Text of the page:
"This is a good idea whose time has come," Hansen-Turton said. "The truth is we have a shortage of family physicians, so how do we use all the qualified health providers out there to broaden access to care."

William Hazel, MD, a member of the American Medical Association's Board of Trustees, said retail-based clinics can "play a positive role if done properly, but they are not a substitute for a regular medical home," a term which describes the relationship built between a primary health care provider and her or his patients to help ensure all of the medical and non-medical needs of patients are met. Hazel said AMA wants to ensure such clinics are well-integrated into the larger medical community. He said AMA is not opposed to retail clinics, but is trying to raise questions, such as whether someone who is sick with the flu should seek treatment at a crowded grocery store. In regard to financial conflicts of interest, Hazel said that just as doctors are heavily scrutinized for their interactions with pharmaceutical companies, the implications of a health clinic owned by a pharmacy chain should also be examined.

"They're here and they're growing, and the verdict is out on whether they will be successful or not," Hazel told The Nation's Health. "We just want to be sure that the patients are well taken care of and remain integrated into the medical community."

The American Academy of Pediatrics has taken a stronger stance on retail-based clinics, opposing them "as a source for medical care of infants, children and adolescents." According to a 2006 news release, the academy is particularly concerned with fragmentation of care, lack of access to a central health record, lack of proper follow-up and the public health issues related to treating illnesses in a retail environment. Robert Corwin, MD, a practicing physician in Rochester, N.Y., and lead author of the academy's retail-based clinic policy, said while many retail-based clinics won't see children 18 months old and younger, the age limits are "all over the place," with some clinics serving very young infants. Retail-based clinics say they aren't interested in becoming medical homes, Corwin said, but are offering many of the tenets of medical homes, such as immunizations.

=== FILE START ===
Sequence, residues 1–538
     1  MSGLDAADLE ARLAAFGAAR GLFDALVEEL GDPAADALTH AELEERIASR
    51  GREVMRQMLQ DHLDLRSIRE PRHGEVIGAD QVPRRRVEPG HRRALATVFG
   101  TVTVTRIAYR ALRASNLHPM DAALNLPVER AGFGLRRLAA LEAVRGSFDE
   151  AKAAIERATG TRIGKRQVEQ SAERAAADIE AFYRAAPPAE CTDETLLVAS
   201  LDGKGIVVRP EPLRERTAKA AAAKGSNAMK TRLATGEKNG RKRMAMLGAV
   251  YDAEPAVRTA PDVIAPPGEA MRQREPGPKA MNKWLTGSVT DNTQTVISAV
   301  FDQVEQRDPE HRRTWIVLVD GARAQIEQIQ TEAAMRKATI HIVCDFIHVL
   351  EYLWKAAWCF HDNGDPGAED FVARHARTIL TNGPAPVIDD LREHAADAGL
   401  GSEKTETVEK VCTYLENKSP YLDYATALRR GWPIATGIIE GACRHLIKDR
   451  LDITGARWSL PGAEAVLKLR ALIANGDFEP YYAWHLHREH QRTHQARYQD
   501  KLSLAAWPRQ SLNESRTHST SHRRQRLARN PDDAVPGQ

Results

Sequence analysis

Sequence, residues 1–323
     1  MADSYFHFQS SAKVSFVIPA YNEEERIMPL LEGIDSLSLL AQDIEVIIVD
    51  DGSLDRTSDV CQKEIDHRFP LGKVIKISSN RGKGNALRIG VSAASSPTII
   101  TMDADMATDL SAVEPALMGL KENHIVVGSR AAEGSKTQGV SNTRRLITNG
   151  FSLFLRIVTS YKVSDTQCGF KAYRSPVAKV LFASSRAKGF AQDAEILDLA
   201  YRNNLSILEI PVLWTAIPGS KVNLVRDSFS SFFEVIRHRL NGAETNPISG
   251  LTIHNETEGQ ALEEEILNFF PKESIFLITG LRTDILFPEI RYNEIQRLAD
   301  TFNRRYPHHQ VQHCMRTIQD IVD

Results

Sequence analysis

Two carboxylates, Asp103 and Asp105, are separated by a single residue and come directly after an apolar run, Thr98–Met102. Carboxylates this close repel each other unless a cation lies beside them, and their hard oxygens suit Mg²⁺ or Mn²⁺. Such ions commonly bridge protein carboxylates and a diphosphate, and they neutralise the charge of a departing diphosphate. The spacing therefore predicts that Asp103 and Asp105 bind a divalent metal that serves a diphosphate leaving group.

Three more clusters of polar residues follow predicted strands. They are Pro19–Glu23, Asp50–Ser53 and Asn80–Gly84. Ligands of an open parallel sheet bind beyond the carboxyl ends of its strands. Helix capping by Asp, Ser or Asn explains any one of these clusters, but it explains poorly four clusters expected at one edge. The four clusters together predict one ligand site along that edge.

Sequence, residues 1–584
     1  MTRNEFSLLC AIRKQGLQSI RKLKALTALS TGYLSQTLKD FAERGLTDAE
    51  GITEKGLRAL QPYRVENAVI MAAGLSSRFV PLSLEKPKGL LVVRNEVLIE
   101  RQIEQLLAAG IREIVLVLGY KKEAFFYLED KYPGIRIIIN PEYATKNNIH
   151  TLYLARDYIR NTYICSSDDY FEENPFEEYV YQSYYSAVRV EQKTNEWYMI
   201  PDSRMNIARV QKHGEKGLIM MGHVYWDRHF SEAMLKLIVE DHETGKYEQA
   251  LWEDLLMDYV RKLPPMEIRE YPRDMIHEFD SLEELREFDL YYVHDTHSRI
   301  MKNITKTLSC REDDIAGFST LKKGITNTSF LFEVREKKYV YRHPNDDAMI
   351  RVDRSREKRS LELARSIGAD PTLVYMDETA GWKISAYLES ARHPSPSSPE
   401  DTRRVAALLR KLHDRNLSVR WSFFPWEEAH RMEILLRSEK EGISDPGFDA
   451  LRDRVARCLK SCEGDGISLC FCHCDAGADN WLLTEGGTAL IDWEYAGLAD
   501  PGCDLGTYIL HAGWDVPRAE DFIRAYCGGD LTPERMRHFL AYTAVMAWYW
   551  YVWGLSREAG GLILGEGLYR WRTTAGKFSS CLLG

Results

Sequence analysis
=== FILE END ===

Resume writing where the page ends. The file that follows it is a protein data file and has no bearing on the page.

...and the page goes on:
"What we're saying is that infants, children and adolescents should be seen in the medical home model," he told The Nation's Health. "All these visits are important for maintaining a relationship with the family. Children are not small adults, and we think they not only deserve but require a medical home."

Corwin noted that retail-based clinics should also be subject to and required to comply with the same health care facility standards as doctors, adding that the "playing field shouldn't be changed, they should have to go through the same hoops we go through."

Though the academy opposes retail-based clinics for young people, it developed a set of guidelines it hopes clinics will follow, such as calling on clinics who do treat children to follow the academy's clinical guidelines.

"There are some disconnects between the medical home model and the business model," Corwin said. "We just think it's not the place for kids."

Rick Kellerman, MD, president of the American Academy of Family Physicians, said fellow academy members have been urged to consider serving as a supervising physician for a retail-based clinic, getting on a clinic's referral list or using the clinics as an opportunity to examine their own business practices, such as how convenient or patient-centered they are. Like other medical professional organizations, the academy also has concerns, but has developed a set of guidelines it hopes retail-based clinics take heed of. In fact in February, three retail health companies — RediClinic, MinuteClinic and Take Care Health — signed an agreement to provide care in accordance with the academy's recommendations.

"Our No. 1 concern is patient safety, No. 2 is quality of care and No. 3 is whether these are business opportunities or whether they really are designed to provide care and work with the medical community," Kellerman said.

Retail-based health clinics are a symptom of a health care system that doesn't properly support primary care and family physicians, even though studies have shown heightened support leads to better outcomes, better quality of care, higher satisfaction and lower costs, he said.